ux case study

Improving Diagnosis Through a Custom MRI Viewer


Over the course of several months, I worked with various developers to create an MRI viewer application. This included managing a team of external developers, outlining goals and handling scheduling & budgeting, while also designing the whole user experience and interface of the viewer application.

Live Site
Sole Product Designer, Project Manager
Stakeholder Interviews, Personas, Information Architecture, User Flows, Visual Design, Usability Testing
Sketch, Gitlab

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MRI viewer applications allow radiologists to inspect images for suspicious areas, which helps them diagnose patients. There are many features on these viewers that serve many valuable purposes. However, for specialized radiologists (such as a neuroradiologist) who only need the viewer to accomplish a few specific tasks, these interfaces can be too noisy and complex. We wanted to design a viewer that not only helps our neuroradiologist user accomplish their tasks faster than they would in their own program, but also helps us collect segmentation data that can work towards improving our algorithms.

How might we design a viewer application that fulfills these needs?



We knew that there would be two user segments: the everyday neuroradiologist and the annotator. The annotator works for us in order to help us improve our data sets. After interviewing two people from each user segment about their use of viewer programs, I drew up the following personas which I hoped would be enough to inform the feature list. It turned out that the needs of the users were aligned with the business requirements.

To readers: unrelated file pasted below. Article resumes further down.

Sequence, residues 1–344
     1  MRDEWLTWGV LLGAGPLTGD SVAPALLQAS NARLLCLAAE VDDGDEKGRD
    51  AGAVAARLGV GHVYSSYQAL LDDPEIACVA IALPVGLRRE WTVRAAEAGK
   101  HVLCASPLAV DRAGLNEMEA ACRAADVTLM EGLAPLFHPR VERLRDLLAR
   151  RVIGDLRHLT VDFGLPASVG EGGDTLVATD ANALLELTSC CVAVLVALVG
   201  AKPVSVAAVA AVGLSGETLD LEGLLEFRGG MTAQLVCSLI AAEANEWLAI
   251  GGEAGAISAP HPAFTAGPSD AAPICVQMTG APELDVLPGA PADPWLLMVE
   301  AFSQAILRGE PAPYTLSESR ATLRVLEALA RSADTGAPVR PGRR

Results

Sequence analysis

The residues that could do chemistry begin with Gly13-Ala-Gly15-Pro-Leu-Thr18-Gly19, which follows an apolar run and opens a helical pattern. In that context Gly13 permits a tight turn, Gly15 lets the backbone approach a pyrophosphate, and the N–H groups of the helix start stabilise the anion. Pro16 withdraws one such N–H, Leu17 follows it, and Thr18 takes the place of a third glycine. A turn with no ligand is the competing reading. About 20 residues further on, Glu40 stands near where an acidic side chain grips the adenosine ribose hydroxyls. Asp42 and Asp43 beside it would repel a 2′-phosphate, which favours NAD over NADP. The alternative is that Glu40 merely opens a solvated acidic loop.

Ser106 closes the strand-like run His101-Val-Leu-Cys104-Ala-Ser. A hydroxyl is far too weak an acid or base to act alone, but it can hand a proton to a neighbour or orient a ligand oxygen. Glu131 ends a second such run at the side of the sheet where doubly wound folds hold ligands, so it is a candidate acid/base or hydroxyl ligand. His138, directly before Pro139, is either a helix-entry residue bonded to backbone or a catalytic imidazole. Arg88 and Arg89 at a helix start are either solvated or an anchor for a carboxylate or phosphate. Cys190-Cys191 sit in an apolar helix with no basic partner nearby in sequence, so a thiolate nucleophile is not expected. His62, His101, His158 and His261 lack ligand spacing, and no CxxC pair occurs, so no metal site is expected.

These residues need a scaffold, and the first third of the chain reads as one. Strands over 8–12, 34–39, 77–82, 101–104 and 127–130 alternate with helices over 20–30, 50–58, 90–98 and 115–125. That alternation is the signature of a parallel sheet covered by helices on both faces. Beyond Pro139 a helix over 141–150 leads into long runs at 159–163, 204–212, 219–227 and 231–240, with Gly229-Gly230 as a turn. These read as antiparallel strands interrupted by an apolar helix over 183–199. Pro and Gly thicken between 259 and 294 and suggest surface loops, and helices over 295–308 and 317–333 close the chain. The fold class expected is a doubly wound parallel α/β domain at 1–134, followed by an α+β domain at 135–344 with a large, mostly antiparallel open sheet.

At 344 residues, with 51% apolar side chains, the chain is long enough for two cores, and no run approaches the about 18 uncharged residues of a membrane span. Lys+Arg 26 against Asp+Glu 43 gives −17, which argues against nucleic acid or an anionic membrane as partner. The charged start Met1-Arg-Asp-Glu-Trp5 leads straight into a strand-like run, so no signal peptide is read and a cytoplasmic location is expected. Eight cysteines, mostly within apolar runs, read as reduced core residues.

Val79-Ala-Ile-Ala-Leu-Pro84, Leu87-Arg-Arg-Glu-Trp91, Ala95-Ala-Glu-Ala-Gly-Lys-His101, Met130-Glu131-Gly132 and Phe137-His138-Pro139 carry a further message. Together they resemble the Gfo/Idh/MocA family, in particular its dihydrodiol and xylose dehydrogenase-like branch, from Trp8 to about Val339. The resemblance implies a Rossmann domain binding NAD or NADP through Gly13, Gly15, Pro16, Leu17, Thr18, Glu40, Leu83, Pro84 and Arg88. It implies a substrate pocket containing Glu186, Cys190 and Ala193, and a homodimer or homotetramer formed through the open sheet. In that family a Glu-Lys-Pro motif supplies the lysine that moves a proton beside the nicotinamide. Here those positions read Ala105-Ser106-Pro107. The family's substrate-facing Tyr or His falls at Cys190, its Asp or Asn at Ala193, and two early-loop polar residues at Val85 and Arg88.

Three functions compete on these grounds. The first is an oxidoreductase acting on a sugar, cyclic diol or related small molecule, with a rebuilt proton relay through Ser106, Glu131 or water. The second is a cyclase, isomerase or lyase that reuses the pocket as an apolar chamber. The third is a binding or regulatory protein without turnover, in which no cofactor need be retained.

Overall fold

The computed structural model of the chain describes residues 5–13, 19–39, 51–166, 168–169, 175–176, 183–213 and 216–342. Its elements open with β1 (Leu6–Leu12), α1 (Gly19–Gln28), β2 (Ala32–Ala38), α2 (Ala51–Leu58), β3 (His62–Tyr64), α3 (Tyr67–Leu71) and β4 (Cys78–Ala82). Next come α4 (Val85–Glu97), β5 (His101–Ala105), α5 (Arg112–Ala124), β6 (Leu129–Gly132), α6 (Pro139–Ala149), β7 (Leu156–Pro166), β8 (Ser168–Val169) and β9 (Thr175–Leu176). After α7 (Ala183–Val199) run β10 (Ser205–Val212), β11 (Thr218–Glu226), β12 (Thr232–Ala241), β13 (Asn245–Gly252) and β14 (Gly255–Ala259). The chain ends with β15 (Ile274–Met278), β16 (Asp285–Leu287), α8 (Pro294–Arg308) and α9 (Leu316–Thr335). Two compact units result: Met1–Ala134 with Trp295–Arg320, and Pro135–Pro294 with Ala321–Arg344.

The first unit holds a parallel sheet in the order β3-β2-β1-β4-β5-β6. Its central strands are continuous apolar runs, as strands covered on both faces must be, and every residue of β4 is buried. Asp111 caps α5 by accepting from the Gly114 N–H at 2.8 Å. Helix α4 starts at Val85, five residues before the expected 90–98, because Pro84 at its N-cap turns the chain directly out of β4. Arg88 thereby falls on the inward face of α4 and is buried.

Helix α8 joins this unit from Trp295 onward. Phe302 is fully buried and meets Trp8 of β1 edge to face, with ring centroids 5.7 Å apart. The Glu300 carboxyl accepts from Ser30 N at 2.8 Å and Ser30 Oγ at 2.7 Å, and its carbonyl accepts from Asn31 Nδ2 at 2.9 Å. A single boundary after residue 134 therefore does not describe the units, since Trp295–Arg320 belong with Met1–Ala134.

The research led me to define the following problem statement:

  • A user needs to be able to quickly identify and mark problem areas in MRIs  for the purpose of diagnosis and/or for contributing to algorithm improvement.


From the research I was able to define which features our viewer should have and how they should function. Next, I needed to figure out how each feature would be accessed by the users and what the sequence of behaviours should be. This information would be important when describing the functionality of each feature for the developers. So I drew up the following user flow, whereby the rectangular items denote user behavior and the circular items denote the subsequent behaviour by the app.

final design

Default screen for a static assessment.

Screen for a longitudinal assessment with an example overlay.

View full design here:


We tested the viewer with hallway testing methods, employing several colleagues to test out the viewer themselves in order to identify any bugs or features that weren’t working the way they should be. This was the most optimal testing method for us given time and resources.

In the meantime, we also added keyboard shortcuts as we found that radiologists preferred to use their keyboard to perform certain actions in their own viewer.

After releasing the viewer application to be used by our users, we were happy to hear that the defined functionality was aligned with users’ expectations and did not need changing.